by David Colarusso - January 17th, 2007
Can business succeed in selling pedagogical snake oil to schools with only an oblique reference to Gardener’s multiple intelligences, a pinch of technobabble, and a promised panacea? What is Brain Gym, and why is it “IN?”
Last week, a fellow teacher and good friend digitalkatie blogged and personally ranted to me about attending a two hour Brain Gym training session. Apparently, it’s all the rage, and she wanted a few exercises for her students. For those of you who don’t know, as I didn’t, Brain Gym is a trademarked set of physical motions, “exercises,” designed to promote academic achievement. Right away, flags started going up. Especially if you visit the Brain Gym UK website and start counting the miraculous claims and ® symbols–14 ® on the main page alone. Now I’m not against making money in education, and in the interest of full disclosure, I run a small educational information management company. However, there’s something a little too slick and too confident about their pitch when you consider it’s for pedagogy.
My introduction to Brain Gym was less than favorable. The instructors struck Kate as a tad credulous. One exercise, for example, opening each hand and placing your fingertips together, was said to improve mood because this neutralized the opposing polarities on your fingertips. To a physics teacher, this assertion by the trainers struck me as a blatant falsehood, and one that can quite easily be tested.
There were two possibilities. Instructors were quoting official Brain Gym pedagogy or they were not. According to the Brain Gym UK site:
Brain Gym® is a trademarked programme and only licensed Instructors, who have completed the full Educational Kinesiology – Brain Gym® Professional Training Programme, are licensed to teach the programme and other trainings using the Brain Gym® materials and movements. (Link)
So my money was on this being the company line. I found my way to Brain Gym International, and though I couldn’t find any specific explanations as to how it all worked, I did find a research link. From there I downloaded a 21 page “Chronology of Annotated Research Study Summaries in the Field of Educational Kinesiology.” On the first page following the contents, there are six “Academic Papers” cited. Five of them were from Brain Gym’s own “Brain Gym® Journal,” and the sixth was in German from “VAK Publishers, Verlag fuer Angewandte Kinesiologie,” which translates into “Publishing house for applied Kinesiology.” Thanks to Google Translate, I was able to find that VAK “understands itself [today] as [an] innovative publishing house, whose tendency [it is], to offer to the readers alternatives.” You could find publications there on such things as “herzintelligenz®” (Heart Intelligence), and I was hoping for an independent peer reviewed journal. (Translated VAK Homepage)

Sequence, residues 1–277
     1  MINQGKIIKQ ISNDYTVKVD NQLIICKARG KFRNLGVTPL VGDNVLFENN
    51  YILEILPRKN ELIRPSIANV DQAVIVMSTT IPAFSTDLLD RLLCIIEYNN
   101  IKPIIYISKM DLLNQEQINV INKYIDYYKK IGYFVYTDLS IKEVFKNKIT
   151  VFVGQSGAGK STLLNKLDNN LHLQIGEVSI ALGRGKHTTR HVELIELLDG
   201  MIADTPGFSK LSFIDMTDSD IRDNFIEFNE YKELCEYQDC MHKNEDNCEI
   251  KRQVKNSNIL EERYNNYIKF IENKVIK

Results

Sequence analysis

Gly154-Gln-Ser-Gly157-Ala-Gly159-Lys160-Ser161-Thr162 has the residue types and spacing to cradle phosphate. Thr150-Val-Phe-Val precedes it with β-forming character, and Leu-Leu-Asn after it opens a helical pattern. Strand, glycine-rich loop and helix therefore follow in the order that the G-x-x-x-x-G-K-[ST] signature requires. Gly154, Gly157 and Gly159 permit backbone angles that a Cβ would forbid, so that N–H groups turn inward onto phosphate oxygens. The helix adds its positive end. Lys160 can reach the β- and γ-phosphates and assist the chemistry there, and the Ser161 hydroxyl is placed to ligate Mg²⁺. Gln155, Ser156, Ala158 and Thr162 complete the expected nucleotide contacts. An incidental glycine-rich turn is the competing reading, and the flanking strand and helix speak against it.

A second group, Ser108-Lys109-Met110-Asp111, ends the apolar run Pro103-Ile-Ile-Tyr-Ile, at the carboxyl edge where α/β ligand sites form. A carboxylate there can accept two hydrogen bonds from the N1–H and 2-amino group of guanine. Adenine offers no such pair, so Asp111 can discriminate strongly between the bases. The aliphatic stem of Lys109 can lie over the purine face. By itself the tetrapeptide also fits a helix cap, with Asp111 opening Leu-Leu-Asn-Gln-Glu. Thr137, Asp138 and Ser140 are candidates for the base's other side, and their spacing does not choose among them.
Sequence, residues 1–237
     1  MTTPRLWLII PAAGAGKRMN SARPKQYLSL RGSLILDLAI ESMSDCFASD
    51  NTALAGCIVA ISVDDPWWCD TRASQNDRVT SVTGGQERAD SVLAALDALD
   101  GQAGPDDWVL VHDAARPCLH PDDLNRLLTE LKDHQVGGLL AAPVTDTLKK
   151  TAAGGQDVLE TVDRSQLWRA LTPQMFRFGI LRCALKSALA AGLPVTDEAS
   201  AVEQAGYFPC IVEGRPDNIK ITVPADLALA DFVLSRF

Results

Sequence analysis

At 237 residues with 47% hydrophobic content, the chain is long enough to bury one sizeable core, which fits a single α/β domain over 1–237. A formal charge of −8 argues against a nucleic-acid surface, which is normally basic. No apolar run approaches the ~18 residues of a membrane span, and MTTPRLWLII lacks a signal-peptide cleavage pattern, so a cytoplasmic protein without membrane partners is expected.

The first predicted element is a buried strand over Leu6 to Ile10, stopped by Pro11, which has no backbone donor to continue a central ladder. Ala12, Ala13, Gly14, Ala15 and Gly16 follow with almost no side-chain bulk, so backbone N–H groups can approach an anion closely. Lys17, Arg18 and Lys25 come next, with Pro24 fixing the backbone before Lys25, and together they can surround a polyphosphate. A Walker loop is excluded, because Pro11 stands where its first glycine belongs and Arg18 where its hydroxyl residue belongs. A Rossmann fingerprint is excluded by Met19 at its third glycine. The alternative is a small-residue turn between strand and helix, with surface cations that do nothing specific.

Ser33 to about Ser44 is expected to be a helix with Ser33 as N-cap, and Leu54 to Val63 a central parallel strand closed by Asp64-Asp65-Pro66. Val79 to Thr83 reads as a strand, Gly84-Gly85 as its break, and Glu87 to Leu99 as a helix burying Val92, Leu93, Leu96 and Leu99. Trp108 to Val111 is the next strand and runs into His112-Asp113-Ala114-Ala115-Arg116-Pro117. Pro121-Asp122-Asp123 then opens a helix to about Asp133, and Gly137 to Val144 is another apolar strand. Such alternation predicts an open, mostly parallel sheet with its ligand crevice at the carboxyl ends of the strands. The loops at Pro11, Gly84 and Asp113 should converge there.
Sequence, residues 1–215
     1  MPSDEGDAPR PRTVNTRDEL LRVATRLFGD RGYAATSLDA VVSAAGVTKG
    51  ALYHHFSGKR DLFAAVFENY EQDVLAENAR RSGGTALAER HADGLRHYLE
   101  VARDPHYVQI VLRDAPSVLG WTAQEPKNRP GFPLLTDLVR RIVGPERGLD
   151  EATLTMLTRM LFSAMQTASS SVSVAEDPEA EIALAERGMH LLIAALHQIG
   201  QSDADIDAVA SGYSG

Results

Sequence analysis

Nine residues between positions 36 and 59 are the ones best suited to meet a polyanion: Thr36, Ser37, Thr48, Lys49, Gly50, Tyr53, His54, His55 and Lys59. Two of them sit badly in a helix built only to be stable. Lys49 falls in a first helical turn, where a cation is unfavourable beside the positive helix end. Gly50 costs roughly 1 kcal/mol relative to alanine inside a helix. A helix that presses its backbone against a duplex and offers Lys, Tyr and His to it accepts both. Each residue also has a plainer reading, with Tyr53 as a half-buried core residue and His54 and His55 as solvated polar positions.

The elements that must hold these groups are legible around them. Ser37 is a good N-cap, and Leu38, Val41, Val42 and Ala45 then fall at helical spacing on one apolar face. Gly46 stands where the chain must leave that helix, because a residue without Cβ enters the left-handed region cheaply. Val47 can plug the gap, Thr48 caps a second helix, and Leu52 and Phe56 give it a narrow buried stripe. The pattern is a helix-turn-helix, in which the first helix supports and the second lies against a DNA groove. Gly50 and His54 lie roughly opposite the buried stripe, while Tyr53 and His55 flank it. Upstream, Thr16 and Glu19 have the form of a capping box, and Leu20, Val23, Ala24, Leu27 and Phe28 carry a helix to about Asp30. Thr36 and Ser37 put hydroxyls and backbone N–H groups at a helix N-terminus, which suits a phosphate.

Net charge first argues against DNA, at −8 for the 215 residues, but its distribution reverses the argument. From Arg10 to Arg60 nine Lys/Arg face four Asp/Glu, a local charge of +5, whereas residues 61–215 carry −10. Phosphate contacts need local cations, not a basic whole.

The most worrisome part of the whole thing is that Brain Gym is getting payed for this by schools who should know better. After all, it is our job as educators to teach critical thought.
There may be something to Brain Gym, students do seem to calm down when given directed physical exercises. However, they’re making specific claims about why, excluding the quite probable placebo effects, and claiming the ability to address almost all educational attainment issues.
I once wrote a short play in which the protagonist struggled with his desire to experience the palpably real benefits of belief in a placebo of sorts. In one scene he manages to cure a student’s stage fright by sharing a secret motion she could make, tugging on her ear. Perhaps this white lie is defensible when told to an eight year old. However, when sold for good money to a state-run institution, I begin to have my doubts.
Kate and I are planning to put together a freedom of information inquiry to see exactly how much this is costing the tax payer, and I’m committed to doing some more research on its efficacy. However, a quick glance at the Brain Gym Wikipedia entry doesn’t make me optimistic.
Please, comment away.